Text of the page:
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Wednesday, August 12, 2015, 09:13

WWII veterans to receive subsidies

By Xu Wei

China will honor veterans who fought in World War II with a subsidy of 5,000 yuan ($790), authorities said on Tuesday, weeks ahead of the 70th anniversary of the end of the war.

The veterans include former People's Liberation Army soldiers, military officials and other servicemen who fought in the War of Resistance against Japanese Aggression (1937-45), according to an announcement by the Ministry of Civil Affairs and the Ministry of Finance.

Veterans of the National Revolutionary Army, the military arm of the Kuomintang, who fought in the war but later defected to the PLA, or those who fought in the war but retired before the civil war, will also be given subsidies, according to the ministries.

China has about 20,000 surviving veterans of the War of Resistance against Japanese Aggression, according to estimates by the Shenzhen Longyue Charity Foundation, which is devoted to caring for Chinese veterans.

Many National Revolutionary Army veterans remain unaccounted for since they returned to their hometowns, some of them in remote villages. Statistics from, an online volunteer community devoted to the welfare of veterans, showed the country has 3,000 to 4,000 National Revolutionary Army veterans.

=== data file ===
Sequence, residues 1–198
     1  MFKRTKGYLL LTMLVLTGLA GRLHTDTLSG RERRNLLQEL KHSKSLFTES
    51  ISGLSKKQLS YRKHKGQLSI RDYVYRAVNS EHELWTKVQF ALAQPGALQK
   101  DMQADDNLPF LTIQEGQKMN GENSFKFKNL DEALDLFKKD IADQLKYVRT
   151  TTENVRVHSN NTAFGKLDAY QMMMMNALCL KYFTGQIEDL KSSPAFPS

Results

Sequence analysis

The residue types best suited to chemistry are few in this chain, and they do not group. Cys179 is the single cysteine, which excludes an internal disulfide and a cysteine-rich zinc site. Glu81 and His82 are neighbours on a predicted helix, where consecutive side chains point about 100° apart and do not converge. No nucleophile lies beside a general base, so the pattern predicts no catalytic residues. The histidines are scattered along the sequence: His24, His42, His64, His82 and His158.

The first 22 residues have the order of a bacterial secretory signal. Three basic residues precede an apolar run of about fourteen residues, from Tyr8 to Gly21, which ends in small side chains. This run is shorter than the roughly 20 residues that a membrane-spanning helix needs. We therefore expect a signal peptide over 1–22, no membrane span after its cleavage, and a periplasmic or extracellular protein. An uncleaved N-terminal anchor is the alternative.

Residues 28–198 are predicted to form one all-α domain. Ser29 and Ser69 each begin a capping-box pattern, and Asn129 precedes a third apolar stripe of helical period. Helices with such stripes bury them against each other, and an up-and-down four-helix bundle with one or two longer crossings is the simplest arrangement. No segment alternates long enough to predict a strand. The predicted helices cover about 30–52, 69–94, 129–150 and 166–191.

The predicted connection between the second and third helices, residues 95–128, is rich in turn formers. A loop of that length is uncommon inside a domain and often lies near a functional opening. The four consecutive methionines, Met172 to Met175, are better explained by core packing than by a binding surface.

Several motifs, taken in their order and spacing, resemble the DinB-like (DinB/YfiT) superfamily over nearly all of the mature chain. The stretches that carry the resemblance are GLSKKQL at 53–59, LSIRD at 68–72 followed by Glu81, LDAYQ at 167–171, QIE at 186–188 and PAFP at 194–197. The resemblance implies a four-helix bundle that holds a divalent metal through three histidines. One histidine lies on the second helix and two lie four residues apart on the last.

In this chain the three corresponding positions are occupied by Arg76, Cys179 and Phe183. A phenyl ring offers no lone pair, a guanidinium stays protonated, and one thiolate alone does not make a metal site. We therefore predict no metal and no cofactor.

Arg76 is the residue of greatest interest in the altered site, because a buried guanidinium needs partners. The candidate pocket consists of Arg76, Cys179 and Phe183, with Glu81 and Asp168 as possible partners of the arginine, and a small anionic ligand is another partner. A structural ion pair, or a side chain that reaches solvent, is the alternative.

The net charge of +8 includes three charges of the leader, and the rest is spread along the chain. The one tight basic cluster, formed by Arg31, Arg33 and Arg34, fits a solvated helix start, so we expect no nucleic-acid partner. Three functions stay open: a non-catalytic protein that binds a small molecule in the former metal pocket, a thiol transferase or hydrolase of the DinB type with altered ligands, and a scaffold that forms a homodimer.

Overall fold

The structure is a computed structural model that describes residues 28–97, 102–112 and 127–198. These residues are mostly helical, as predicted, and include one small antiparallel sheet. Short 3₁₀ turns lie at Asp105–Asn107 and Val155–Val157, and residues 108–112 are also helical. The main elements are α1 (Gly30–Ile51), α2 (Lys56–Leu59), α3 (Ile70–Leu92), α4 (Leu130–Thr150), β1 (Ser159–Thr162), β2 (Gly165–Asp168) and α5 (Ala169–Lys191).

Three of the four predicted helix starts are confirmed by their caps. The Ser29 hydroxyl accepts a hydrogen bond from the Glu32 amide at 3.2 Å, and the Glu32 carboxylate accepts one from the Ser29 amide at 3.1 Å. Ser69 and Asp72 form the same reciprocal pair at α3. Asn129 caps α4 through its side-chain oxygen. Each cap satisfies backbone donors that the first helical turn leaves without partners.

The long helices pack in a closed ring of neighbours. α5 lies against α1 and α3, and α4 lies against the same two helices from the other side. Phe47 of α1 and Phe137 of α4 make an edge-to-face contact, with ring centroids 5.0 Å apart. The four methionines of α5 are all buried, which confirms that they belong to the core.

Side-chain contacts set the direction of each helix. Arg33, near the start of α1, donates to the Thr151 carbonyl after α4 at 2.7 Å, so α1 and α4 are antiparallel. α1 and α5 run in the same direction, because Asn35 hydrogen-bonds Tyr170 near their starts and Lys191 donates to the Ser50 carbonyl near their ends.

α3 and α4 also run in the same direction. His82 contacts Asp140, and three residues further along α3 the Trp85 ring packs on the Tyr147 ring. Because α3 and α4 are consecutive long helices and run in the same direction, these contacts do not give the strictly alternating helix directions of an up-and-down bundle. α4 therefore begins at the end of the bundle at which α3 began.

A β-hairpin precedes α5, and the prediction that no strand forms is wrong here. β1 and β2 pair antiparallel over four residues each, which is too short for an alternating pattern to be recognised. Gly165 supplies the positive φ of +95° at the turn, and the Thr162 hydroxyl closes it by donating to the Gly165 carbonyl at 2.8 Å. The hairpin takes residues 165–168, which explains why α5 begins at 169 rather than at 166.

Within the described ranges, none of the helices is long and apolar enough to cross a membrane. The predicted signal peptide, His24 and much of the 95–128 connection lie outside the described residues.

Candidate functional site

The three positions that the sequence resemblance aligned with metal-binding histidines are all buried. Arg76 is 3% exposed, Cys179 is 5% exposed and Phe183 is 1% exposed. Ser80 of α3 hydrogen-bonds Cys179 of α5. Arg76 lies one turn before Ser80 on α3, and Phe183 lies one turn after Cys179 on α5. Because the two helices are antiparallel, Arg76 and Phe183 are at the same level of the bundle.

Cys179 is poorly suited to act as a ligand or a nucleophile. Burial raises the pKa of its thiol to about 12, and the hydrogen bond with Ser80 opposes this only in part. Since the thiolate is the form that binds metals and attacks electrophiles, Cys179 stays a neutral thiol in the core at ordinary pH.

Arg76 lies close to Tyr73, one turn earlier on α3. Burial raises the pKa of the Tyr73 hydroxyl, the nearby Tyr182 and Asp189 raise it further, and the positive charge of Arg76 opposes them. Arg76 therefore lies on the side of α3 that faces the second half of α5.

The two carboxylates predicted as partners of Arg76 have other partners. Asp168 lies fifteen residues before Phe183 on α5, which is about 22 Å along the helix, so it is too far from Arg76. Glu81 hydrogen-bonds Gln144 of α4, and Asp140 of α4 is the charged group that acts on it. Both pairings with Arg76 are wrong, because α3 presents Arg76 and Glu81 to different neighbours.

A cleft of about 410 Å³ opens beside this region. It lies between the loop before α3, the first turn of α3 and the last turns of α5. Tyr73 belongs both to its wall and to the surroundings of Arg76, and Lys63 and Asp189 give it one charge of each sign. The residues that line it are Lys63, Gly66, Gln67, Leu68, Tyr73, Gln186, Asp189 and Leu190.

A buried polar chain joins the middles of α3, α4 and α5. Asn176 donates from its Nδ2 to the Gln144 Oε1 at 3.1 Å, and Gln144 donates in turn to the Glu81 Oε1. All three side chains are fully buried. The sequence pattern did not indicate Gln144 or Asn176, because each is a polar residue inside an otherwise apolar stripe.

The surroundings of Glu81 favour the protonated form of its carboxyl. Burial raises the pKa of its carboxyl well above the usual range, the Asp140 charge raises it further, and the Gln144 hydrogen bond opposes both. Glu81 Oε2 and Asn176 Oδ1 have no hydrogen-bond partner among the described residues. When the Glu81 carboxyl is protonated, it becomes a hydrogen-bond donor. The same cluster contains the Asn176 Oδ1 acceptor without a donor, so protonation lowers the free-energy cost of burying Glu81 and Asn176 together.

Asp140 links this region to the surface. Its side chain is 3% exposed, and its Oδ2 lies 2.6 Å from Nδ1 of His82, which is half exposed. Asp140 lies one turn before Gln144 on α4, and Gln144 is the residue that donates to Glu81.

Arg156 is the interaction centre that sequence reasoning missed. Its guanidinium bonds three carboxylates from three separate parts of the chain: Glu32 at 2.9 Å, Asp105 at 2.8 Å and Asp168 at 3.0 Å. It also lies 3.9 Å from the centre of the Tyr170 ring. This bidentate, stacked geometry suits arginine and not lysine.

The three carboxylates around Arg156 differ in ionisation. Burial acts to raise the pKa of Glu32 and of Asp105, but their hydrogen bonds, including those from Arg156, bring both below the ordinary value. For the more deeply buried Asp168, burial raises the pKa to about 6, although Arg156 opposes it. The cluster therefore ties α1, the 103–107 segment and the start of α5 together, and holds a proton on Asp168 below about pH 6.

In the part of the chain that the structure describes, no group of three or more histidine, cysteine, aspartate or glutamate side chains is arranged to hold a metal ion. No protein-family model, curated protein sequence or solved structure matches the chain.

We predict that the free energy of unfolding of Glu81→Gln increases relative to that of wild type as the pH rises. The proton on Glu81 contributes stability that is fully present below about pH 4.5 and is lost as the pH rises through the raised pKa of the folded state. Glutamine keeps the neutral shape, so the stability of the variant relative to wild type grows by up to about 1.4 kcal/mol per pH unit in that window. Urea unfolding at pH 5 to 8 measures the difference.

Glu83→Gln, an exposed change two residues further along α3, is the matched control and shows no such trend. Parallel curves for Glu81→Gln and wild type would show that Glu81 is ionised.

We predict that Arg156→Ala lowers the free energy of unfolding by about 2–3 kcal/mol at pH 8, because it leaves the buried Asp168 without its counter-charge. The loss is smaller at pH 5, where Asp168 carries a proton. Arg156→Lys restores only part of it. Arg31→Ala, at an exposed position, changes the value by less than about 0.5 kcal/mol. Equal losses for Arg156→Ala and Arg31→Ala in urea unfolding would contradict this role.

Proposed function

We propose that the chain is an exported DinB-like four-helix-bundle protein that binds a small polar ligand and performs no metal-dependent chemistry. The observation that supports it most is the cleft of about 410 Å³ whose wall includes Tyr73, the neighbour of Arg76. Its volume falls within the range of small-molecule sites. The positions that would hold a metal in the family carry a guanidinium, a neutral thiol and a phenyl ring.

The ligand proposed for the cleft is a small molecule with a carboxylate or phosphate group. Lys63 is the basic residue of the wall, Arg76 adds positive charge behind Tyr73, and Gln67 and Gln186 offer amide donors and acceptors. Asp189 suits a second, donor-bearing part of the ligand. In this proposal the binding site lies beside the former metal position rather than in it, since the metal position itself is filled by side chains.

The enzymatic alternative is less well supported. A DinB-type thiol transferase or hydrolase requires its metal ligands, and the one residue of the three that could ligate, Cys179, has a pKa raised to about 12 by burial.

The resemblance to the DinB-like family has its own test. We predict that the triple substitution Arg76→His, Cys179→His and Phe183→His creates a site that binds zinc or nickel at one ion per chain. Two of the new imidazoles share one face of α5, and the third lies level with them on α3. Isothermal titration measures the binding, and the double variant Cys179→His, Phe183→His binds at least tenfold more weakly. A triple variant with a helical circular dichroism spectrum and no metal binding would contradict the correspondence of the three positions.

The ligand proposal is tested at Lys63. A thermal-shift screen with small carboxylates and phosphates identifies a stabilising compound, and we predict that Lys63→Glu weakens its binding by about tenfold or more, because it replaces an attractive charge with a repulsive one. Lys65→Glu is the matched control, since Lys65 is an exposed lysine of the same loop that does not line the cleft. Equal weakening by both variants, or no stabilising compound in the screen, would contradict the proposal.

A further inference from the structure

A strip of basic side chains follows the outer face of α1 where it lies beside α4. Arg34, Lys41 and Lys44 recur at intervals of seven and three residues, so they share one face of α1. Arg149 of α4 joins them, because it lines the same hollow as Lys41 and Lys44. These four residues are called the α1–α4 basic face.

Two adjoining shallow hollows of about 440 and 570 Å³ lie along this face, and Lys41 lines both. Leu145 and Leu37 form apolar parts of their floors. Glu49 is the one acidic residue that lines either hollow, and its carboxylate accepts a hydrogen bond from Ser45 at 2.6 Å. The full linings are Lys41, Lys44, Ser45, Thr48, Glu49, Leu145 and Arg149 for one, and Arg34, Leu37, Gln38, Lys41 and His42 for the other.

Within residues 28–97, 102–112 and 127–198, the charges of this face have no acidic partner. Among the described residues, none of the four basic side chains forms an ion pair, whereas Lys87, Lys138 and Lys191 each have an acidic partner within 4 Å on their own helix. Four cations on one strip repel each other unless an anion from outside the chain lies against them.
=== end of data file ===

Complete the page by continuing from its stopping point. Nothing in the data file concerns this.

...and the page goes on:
Wang Shijun, son of 93-year-old Wang Weishan, a former officer with the National Revolutionary Army who retired before the civil war, said the family has not been notified about the rewards.

"I will be delighted if my father is put on the list. It is more of a recognition of his contributions than a financial award," he said.

Wang, who lives with his son in Guilin, Guangxi Zhuang autonomous region, fought in the Battle of Guilin in 1944 against Japanese forces.

Wang said his father has received frequent visits from local authorities and volunteers in recent years. "We are glad that the government cared about my father, and recognized what he did in the past," he said.

Sun Mian, founder of New Weekly magazine, who leads a group of volunteers devoted to caring for veterans, said he is disappointed that the reward did not go to the National Revolutionary Army veterans who fought both in World War II and the civil war (1946-49).

"There is no reason why they should not be included in this list," he wrote on his micro blog.

Wang Xiaodong contributed to this story.

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